Delta College celebrates Women’s History Month this March with a series of free events to inspire our students and the community, along with videos and a podcast honoring some of the women who have made Delta what it is today.
The public is welcome at all events.
One of the highlights of the month is a talk and book signing with Angela Garbes, author of “Like a Mother: A Feminist Journey through the Science and Culture of Pregnancy.” Garbes will speak at 11:30 a.m. Monday at Tillie Lewis Theatre. The event is free, and Delta students will have the chance to get a free copy of the book. A resource fair for women, parents and families will follow in the Locke Lounge.
Garbes, whose “Like a Mother” was named one of the best books of 2018 by National Public Radio, will talk about the experience that parents of color face as they embrace parenthood and pregnancy, and the historic exclusion of women from science and medicine.
After the signing or any time through March 22, visitors to the Delta campus are invited to drop by the L.H. Horton Jr. Art Gallery to see the exhibit “The New Domestics: Finding Beauty in the Mundane.”
The exhibition asks big questions about gender, identity, and politics. Curated by Gail Enns, director of Celadon Arts, the show celebrates the work of eight notable women artists of the Bay Area and Central Coast: Mitra Fabian, Victoria May, Maria Porges, Judy Shintani, Lisa Solomon, Katherine Sherwood and The Temple Sisters.
Through paintings, sculpture, prints and more, the exhibition asks big questions about gender, identity and politics. Curated by Gail Enns, director of Celadon Arts, the show celebrates the work of eight notable women artists of the Bay Area and the Central Coast: Mitra Fabian, Victoria May, Maria Porges, Judy Shintani, Lisa Solomon, Katherine Sherwood and the Temple Sisters.
“Applying a distinct female perspective, artists in The New Domestics challenge the way we look at common household products and domestic processes,” Enns said. “Their use of fabric, thread, common products, things found in or near the home add to the context of their art and raise questions that grapple with larger social and environmental concerns.”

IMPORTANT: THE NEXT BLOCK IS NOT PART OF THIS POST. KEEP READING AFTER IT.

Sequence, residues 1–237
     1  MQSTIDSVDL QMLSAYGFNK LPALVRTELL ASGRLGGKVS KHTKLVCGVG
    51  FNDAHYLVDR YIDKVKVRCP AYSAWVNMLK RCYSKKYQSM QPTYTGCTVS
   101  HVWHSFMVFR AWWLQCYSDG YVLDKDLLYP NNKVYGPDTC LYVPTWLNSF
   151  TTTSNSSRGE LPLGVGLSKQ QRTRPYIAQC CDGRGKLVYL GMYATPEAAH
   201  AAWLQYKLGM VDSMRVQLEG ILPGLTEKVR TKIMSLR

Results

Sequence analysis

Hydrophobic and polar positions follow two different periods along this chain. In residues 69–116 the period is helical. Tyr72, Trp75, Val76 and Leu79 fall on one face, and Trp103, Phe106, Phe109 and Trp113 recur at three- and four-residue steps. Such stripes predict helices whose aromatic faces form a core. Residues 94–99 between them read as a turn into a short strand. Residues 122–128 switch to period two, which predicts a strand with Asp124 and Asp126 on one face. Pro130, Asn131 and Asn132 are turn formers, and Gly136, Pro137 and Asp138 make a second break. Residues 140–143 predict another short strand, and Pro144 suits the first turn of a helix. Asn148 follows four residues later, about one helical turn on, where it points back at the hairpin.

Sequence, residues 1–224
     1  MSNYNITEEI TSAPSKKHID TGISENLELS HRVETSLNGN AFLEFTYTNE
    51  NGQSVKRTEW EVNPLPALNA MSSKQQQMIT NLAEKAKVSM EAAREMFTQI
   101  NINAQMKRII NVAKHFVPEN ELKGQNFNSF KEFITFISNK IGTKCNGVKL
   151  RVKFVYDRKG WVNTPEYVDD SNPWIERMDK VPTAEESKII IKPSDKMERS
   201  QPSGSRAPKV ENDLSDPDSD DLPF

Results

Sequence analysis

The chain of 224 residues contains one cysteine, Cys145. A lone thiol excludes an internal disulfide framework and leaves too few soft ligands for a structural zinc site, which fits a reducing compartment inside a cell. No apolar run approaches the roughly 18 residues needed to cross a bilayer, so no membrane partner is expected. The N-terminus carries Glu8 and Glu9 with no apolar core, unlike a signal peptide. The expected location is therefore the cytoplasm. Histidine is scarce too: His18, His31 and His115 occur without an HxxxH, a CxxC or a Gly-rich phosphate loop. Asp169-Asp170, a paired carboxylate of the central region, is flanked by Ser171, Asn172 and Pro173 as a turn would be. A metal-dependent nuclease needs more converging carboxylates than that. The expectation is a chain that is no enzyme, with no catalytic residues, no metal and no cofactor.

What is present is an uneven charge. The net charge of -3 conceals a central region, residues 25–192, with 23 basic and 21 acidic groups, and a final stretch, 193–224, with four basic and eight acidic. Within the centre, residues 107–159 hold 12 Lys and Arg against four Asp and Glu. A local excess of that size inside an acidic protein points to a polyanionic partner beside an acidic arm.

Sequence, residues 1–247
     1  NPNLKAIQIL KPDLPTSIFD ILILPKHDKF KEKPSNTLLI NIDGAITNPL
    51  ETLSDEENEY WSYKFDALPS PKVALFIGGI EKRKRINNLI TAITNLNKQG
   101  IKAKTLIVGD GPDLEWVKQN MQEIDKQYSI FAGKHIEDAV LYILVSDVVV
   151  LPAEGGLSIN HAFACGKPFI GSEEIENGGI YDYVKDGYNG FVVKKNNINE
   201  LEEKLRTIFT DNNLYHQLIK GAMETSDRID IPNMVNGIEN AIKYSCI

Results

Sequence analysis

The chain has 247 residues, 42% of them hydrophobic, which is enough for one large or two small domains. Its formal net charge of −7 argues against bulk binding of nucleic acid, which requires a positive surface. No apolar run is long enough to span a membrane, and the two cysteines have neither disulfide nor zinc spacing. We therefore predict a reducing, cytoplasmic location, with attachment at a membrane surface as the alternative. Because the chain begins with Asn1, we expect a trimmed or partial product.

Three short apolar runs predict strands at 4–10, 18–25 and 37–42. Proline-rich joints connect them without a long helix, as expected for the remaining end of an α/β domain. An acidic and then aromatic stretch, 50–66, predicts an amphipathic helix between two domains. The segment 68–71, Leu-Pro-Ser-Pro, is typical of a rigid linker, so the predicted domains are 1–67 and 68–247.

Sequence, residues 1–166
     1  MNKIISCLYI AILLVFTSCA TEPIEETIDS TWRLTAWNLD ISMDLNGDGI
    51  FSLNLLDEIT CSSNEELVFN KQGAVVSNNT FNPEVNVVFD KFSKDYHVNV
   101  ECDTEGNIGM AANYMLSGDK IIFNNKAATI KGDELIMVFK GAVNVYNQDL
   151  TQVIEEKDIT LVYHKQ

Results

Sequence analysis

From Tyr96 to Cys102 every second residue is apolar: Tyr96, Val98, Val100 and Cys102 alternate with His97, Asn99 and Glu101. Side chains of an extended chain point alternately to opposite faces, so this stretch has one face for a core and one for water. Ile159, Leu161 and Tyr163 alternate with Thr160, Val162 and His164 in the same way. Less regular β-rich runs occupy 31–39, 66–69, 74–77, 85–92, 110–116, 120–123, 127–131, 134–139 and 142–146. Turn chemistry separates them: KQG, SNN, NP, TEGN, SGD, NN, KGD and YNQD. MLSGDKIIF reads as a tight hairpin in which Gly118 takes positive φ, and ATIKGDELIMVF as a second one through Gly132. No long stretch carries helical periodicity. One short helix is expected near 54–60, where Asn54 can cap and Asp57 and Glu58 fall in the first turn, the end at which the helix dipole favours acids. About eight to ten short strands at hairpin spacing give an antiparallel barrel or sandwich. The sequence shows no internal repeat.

Also scheduled this month:
- Delta’s student MEChA club will host an open mic event allowing women to share their stories and experiences through their own expressions of art. That event takes place Wednesday, March 13 from 3 p.m. to 5 p.m. at the Locke Lounge.
- “Mission Blue,” a documentary about oceanographer Sylvia Earle, will be shown on Tuesday, March 19 from 1:30 p.m. to 3:30 p.m. at the South Forum.
- The Delta College Pride Center will host a movie night focused on women who have contributed to LGBTQ rights. That event is on Friday, March 22 at 2:30 p.m. in the Science and Math Building, Room 161.
That’s not all. Throughout the month, Delta’s radio and television students will publish a series of videos and podcasts. The videos will explain the stories behind places on the Delta campus that are named after women, such as the Tillie Lewis Theatre; the podcasts will feature women who are students, staff, faculty or community members.
The first episode of the podcast, for example, is an interview with Delta alumna Renee Posadas, who pursued a nontraditional career as a woman in mechanical engineering and now works at Lawrence Livermore National Laboratory. Visit www.kwdc.fm/women-s-history-month-2019 for all videos and podcasts.